• interactive software programs/systems, hypertext, blogs, posts and webinars uniquely facilitate biblical study and reflection
  • sharing favourite or meaningful verses will increase due to texting and tweeting
  • the individual’s opportunity and capacity to understand and interpret the Scriptures will increase
  • missions could prosper because nations closed to the Gospel will find it more difficult to restrict the availability of biblical texts
  • the Scriptures are readily available in any language or translation to anyone on earth with a smart phone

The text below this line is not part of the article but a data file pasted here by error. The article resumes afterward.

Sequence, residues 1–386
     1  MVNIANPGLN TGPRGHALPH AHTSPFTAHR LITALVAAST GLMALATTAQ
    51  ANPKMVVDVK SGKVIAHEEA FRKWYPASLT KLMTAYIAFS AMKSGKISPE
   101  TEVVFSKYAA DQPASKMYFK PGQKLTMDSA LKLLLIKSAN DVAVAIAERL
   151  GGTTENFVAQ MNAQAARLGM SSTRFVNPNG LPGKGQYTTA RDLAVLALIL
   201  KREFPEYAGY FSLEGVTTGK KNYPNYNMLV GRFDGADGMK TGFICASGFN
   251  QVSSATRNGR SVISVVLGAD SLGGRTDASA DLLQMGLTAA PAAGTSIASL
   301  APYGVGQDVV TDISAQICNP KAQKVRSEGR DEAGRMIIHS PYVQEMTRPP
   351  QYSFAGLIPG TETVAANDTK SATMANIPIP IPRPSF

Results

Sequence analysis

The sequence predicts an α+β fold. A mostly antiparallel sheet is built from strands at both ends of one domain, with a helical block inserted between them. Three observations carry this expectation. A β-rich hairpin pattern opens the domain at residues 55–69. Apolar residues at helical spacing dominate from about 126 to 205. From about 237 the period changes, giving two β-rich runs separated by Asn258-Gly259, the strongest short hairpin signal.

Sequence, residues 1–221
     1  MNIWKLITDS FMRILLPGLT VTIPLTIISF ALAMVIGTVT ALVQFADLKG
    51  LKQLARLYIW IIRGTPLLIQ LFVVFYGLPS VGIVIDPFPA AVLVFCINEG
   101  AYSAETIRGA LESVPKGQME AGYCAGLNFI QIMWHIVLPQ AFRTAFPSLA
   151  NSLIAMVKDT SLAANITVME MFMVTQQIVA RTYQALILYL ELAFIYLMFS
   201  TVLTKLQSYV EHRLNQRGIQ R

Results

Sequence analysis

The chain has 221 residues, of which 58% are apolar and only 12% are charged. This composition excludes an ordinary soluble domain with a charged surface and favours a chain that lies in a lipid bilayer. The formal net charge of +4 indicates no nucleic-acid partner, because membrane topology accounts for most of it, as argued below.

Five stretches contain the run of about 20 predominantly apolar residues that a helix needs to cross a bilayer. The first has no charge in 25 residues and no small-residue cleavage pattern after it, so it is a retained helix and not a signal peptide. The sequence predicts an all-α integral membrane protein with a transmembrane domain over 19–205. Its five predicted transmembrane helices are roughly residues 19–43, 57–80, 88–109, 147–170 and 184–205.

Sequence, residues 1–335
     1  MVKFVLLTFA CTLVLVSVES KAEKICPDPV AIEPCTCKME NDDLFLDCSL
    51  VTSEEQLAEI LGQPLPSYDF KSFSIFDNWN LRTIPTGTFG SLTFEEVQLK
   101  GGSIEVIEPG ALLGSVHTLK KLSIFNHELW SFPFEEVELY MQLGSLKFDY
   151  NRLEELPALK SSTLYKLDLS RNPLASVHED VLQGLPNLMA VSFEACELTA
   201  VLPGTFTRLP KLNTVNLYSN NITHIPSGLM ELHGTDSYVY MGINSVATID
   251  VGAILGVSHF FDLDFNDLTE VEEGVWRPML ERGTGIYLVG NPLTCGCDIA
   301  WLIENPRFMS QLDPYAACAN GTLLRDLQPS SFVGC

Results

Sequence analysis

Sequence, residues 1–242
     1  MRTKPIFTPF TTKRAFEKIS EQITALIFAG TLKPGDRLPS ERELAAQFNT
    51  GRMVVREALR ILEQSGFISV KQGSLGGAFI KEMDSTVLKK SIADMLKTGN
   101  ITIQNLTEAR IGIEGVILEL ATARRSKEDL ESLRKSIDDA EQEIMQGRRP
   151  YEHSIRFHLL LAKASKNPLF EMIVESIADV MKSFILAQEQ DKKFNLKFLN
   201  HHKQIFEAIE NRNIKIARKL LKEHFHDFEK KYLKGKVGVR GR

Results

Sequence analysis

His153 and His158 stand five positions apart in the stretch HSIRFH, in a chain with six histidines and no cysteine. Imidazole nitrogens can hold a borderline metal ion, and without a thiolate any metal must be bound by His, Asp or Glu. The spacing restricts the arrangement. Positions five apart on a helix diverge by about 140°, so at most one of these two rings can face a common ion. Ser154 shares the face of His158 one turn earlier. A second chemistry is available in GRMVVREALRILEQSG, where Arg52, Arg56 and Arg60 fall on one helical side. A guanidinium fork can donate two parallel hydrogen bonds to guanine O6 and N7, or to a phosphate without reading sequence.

• Scripture memorization may decline because Google, Bible Gateway, You Version and such make it easy to look up a passage or text
  • people will become significantly less likely to buy printed copies of the Bible
  • reading Scripture within a contemplative framework may decline
  • sequential reading will decline due to the fact that reading on the web develops inclinations to skip around, dip and dabble, browse or scan information
  • tendencies to read the Bible in short fast bursts will increase
  • concentration and meditation on the Scriptures will suffer because of what Cory Doctorow has called “an ecosystem of interruption technologies” (animations, hyperlinks, live feeds, pop-ups and so on)
  • qualitative depth of reading will be sacrificed for reading geared to a quantitative scope